The Atlantic Coast Conference has announced a seven-year deal with the Greensboro Aquatic Center that will bring the men’s and women’s ACC Championships to Greensboro for the next 7 seasons.
The ACC included the information in an all-sports announcement of the conference championship hosts for all of next season’s sports. You can read that announcement here.
Georgia Tech hosted the conference championships this past season and will be the last ACC school to host the event through at least 2022, provided Greensboro and the conference both stick to the current plan.
Greensboro as a facility has plenty of experience hosting major college meets. This past season, it housed the NCAA Women’s Championships in Division I, a meet that saw multiple NCAA and American records fall.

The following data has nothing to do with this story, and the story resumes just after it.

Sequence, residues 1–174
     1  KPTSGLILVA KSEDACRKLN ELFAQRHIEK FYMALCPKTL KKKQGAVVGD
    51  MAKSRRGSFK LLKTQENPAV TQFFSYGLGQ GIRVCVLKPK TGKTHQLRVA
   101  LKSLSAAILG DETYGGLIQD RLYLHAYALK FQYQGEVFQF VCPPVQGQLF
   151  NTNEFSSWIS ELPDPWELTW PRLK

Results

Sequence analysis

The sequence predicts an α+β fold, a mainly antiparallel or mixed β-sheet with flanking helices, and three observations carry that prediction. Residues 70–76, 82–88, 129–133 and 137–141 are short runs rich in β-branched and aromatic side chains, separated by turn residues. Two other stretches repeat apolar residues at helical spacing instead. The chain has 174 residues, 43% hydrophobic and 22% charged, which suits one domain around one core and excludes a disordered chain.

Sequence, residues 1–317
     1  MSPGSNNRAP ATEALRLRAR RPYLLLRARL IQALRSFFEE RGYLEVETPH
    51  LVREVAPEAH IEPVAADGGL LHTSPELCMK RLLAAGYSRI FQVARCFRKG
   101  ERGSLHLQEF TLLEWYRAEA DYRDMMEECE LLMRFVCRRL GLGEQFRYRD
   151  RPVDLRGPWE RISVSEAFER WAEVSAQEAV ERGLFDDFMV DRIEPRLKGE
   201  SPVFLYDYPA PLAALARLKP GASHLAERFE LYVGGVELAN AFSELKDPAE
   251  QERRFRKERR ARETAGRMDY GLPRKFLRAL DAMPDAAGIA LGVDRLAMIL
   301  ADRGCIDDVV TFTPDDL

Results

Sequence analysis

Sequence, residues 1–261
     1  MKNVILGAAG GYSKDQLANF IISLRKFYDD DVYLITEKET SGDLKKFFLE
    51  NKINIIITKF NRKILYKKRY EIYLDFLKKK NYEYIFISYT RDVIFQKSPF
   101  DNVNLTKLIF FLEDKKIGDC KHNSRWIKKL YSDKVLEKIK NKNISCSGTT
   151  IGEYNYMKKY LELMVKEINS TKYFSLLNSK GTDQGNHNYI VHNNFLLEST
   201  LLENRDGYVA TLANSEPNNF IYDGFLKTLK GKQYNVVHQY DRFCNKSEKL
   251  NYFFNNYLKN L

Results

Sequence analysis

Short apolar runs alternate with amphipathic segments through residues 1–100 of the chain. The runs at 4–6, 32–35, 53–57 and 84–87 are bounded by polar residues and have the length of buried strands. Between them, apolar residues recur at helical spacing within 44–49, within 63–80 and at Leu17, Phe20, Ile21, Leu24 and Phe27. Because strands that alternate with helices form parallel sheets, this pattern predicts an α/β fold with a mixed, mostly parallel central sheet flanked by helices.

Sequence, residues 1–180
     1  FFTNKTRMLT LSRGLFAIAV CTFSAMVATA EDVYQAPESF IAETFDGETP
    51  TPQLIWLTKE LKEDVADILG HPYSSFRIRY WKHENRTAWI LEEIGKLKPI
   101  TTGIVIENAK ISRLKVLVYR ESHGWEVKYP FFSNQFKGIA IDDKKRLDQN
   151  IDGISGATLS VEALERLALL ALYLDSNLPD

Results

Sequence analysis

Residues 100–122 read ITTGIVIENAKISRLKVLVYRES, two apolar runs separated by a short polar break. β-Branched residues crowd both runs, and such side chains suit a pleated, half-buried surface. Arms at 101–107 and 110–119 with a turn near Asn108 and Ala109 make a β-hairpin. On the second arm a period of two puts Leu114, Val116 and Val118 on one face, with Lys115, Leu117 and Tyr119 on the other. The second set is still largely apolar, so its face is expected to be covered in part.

The ACC typically runs its championships between two weeks. The women’s ACC Swimming & Diving Championships happen the first week (in 2016, it will be February 17-20) along with men’s diving. A week later, the men’s swimming championships take place – in 2016, that meet will be February 24-27.
The 7-year deal with Greensboro does set up a unique situation for 2016, though. Georgia Tech is slated to host both men’s and women’s NCAAs, but will not host their own conference championship meet. Typically, when a school earns a bid to host NCAAs, the conference will host its championship meet at that pool as well, to give swimmers a chance to get familiar with the facility before nationals.
Based on that precedent, even if other ACC schools earn bids to host NCAAs down the road, it would appear the ACC Championships will remain at Greensboro.
The ACC Championships are becoming one of the more exciting conference championship meets in the nation in both genders. The ACC women return a pair of national record-setters in Louisville’s Kelsi Worrell (American record 100 fly) and Virginia’s Leah Smith (NCAA record 500 free). The NC State men are one of the fastest-rising teams in the nation and won their first ACC title in years this past season.